Earnings: Decoding the Conference Call

The quarterly telephone chats with corporate brass could hold valuable clues for investors this earnings seasonif you know what to listen for

Four times a year, investors get a chance to hear executives talk about their businesses in their own words.

Savvy investors can analyze not just the information imparted in earnings conference calls, but also the tone of CEOs and CFOs. Do they sound nervous, or hopeful? Confident, or uncertain?

As second-quarter earnings season begins, BusinessWeek asked fund managers what they're listening for over the next several weeks. Here are tips, some general and some specific to particular companies or industries, for interpreting this round of earnings calls. (Investors can listen to conference calls via the Internet or by dialing in over the phone. Call information is often provided in the "investor relations" sections of corporate Web sites.)

1. Financial-sector CEOs: How much clarity on losses?

The financial crisis has dragged on for almost a year, partly because of a lack of certainty about the losses in store for big commercial and investment banks. JPMorgan Chase (JPM) and Merrill Lynch (MER) report on July 17, with Citigroup (C) following on July 18 and Bank of America (BAC) on July 21.

Wall Street is expecting another brutal quarter for the financial sector from toxic debt and bad loans. But several fund managers say they're hoping to learn how much longer those losses will continue. Georges Yared of Yared Investment Research says the market is looking for clarity: "Are you finished with this mess?" he asks.

Matt Kaufler of Touchstone Value Opportunities Fund (CCEVX) will listen carefully for clues to whether credit quality is deteriorating. "To what extent [are] credit-quality concerns spreading above and beyond residential mortgages into other debt?" he asks.

2. Retail: Looking for signs about the rest of the year.

It's widely assumed that high gas prices are hurting retailers and other consumer discretionary firms. But much of consumer spending comes in the second half of the year, so investors will listen closely for clues about future spending.

Kaufler says the important information won't be in the second-quarter results, which are assumed to be bad, but in "what sort of tone management sets for the rest of the year." For example, he wonders what traffic patterns companies are seeing in their stores.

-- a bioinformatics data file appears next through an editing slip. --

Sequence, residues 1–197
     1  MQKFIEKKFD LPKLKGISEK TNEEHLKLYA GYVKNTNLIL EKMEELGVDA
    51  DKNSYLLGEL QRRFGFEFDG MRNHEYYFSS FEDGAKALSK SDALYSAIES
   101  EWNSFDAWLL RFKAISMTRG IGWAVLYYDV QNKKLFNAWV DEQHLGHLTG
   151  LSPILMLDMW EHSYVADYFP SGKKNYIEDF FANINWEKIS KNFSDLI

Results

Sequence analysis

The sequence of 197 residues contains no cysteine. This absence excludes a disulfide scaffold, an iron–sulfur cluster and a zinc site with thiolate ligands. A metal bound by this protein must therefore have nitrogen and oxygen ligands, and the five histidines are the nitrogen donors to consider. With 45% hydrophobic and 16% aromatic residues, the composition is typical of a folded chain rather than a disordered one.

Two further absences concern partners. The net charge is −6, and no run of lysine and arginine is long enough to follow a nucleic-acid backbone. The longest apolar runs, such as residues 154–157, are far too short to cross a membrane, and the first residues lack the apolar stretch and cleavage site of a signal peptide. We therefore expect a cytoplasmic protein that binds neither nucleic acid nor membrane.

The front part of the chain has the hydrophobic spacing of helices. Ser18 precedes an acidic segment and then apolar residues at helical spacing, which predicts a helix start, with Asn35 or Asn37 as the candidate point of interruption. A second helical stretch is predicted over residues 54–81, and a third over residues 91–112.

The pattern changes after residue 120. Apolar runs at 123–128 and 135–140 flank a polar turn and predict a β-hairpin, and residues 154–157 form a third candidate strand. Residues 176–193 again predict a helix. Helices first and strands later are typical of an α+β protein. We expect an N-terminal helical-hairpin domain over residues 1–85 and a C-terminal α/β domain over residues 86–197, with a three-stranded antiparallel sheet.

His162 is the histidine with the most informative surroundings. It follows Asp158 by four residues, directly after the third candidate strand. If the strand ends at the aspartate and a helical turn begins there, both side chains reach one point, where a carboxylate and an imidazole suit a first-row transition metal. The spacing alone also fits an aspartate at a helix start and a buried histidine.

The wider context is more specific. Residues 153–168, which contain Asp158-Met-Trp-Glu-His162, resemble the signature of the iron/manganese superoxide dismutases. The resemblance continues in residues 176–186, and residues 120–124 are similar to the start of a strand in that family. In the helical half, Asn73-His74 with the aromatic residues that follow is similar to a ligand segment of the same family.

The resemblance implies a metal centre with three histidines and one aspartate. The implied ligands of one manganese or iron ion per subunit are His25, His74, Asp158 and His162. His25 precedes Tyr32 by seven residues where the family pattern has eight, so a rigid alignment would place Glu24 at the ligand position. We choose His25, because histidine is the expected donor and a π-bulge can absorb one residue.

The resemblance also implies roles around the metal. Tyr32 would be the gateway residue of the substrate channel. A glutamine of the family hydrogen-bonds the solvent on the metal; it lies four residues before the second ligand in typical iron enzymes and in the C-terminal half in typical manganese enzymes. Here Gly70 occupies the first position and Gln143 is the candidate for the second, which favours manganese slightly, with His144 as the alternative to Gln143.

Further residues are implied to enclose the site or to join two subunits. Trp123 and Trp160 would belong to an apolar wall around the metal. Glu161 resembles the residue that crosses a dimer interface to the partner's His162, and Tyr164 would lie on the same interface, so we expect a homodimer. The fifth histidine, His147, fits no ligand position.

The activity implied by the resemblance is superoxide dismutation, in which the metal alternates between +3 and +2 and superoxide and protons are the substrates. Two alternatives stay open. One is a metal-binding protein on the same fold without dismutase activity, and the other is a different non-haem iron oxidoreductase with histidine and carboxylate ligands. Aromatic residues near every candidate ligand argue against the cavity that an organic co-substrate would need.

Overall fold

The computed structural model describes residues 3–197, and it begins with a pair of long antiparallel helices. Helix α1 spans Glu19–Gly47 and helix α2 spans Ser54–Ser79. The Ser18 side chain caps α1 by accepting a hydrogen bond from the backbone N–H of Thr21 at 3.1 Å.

Many retailers, including Wal-Mart (WMT), the Gap (GPS), and Target (TGT), don't report results until August.

3. Focusing on the long term

These may be tough times, but Scott Armiger of Christiana Bank & Trust Company wants to hear executives thinking long term, planning three to five years ahead, when the slowdown presumably will be over.

For example, he says, perhaps they could be borrowing money now at low interest rates to prepare for future acquisitions. And with stocks in a bear market, "this is a great time to be picking up shares" through stock buyback programs, he adds.

4. Will GE bring good things to light?

General Electric (GE) reports earnings on July 11, and many fund managers say the conference call for the huge conglomerate is a don't-miss event.

GE's disappointing first-quarter report rattled the stock market, so expectations are low. "If [the news] is positive, the market could possibly rally on that news," says Michael Church, senior portfolio manager at Church Capital Management. If more negative news comes out of GE's finance unit, however, "the market is going to be spooked," he says.

Big industrial firms such as GE have profited from booming demand overseas. Kaufler says he'll listen to conference calls closely for any sign that the global economy is slowing.

5. Don't get spun

"I've always been cynical about these analyst calls," says Terry Morris, senior equity manager at National Penn Investors Trust. Executives invariably try to "put a positive spin on things," but Morris says he focuses mostly on the numbers that executives report, not the words they say.

If executives sound overly negative, on the other hand, they may be trying to manage expectations. Executives often walk a fine line in their quarterly conference calls: They want to impress investors and play up good news, but they don't want to raise expectations so high that those expectations can't be met.

"Apple (AAPL) has been very good at underpromising and overdelivering," Morris says. "That's part of the reason the stock has done so well." Apple's earnings arrive July 21.

6. Listen for tone

How do executives sound? "Sometimes your gut says these guys sound nervous," Church says. But, he adds, that's subjective and a tough basis on which to make investment decisions.

Kaufler advises investors to "attune your ears for candor or the lack of it." It makes a big difference if the management team is "speaking in specific terms" rather than being vague. A lack of candor may be a sign of problems at a company.

7. Listen to the analysts' questions

On most conference calls, only equity analysts at investment banks are allowed to question management. Because these analysts are often quite well-informed about a company, their questions can be as informative as the answers, Yared says.

But conference calls don't always create useful information for investors. "This is a very over-lawyered group of people," Yared says of executives. "Everyone is so cautious."

Still, earnings calls can be valuable to investors. Despite the caution and the cliches, the talk can still turn up plenty of surprises.

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